“The cancer did damage to my heart and I just couldn’t breathe,” he said. “They called a Code Blue on me and saved my life.” Upon being discharged from the VA hospital after a few days, Beam continued to struggle with shortness of breath, fatigue and lack of energy related to heart failure. Then he had CCM therapy.

“I already feel amazing.”

“Before I got this procedure, it was hard to breathe and I had to use my nebulizer four times a day,” said Beam, a Vietnam-era Veteran from LaPorte, Texas. “In just a few weeks, I already feel amazing. My doctors tell me I will get better and better every day. I can’t wait to get back out and ride my motorcycle again.”

Dr. Hamid Afshar is an electrophysiology cardiologist and Baylor College of Medicine professor. He was thrilled to be one of the Houston VA doctors who performed the new CCM therapy on both Veterans.

“This new treatment can significantly improve our Veterans’ quality of life,” Afshar said. “Seeing Mr. Clayton and Mr. Beam both getting around so much better after undergoing this procedure has been heartwarming for all of our staff. It’s an excellent result.”

CCM therapy improves the contraction of the heart. It can be used in conjunction with medications and other heart failure therapies.

By Maureen Dyman is communications director at the Michael E. DeBakey VA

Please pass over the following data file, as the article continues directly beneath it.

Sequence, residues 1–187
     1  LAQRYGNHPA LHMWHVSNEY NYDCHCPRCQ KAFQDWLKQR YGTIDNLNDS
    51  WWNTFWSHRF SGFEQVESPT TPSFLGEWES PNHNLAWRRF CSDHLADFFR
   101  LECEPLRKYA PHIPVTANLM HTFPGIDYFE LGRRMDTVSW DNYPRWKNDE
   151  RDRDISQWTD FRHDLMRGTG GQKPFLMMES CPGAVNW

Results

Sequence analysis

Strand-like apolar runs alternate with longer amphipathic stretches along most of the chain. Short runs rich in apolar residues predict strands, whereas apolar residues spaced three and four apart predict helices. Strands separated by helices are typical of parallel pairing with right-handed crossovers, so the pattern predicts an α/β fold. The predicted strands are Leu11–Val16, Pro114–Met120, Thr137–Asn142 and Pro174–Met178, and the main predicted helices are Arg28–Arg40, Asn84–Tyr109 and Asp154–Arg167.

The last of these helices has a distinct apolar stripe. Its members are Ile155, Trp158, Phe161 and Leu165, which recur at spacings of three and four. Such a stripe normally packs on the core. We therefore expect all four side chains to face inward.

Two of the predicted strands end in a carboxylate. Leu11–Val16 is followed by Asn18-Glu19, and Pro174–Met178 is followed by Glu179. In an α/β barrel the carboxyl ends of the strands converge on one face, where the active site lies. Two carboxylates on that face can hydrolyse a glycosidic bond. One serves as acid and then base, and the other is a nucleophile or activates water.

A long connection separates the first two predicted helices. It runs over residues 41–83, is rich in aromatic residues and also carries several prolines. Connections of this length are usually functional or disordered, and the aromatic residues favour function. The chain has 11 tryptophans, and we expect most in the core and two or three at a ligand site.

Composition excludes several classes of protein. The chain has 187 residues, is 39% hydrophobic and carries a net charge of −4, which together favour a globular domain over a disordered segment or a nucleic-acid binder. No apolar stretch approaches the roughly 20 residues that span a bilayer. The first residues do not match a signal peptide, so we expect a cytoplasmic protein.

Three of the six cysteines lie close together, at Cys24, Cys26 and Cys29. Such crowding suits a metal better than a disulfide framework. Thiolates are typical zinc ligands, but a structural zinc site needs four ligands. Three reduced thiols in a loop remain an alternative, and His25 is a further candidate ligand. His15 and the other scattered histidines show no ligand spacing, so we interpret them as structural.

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Published on Mar. 2, 2022

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  1. Everett L Williams March 11, 2022 at 9:54 am

    The comment from “nope” should be removed. I understand that they may have a gripe with the VA, but the comment provides no useful information on what he may be complaining about. Many medications are poisons by design and are only useful because they affect the treated condition more than the overall health of the individual. Being a cancer patient, I can testify to this type of treatment. The alternative was a near term death due to my cancer. The treatment was difficult and cost me 47 days in hospital and some weeks of recovery. That was five years ago and I am still here.

    I have my own complaints about the VA system, but it provided me with one medication that would have cost me over $10,000 per month and many other medications that would not have been cheap.

  2. Nope March 7, 2022 at 12:46 pm

    Do not trust the VA. They will poison you. They will over medicate you. Their medical tech is bottom shelf and will leave you ruined. Most of all, they don’t care. Only you do. Take control and don’t do whatever these quacks recommend. They talk alot about informed consent, but it’s all bullsht.

  3. James Carey March 4, 2022 at 8:52 am

    Could I be eligible for this program

  4. David Duckworth March 3, 2022 at 5:52 pm

    how would that work or effect my defibrillator / pacemaker I already have installed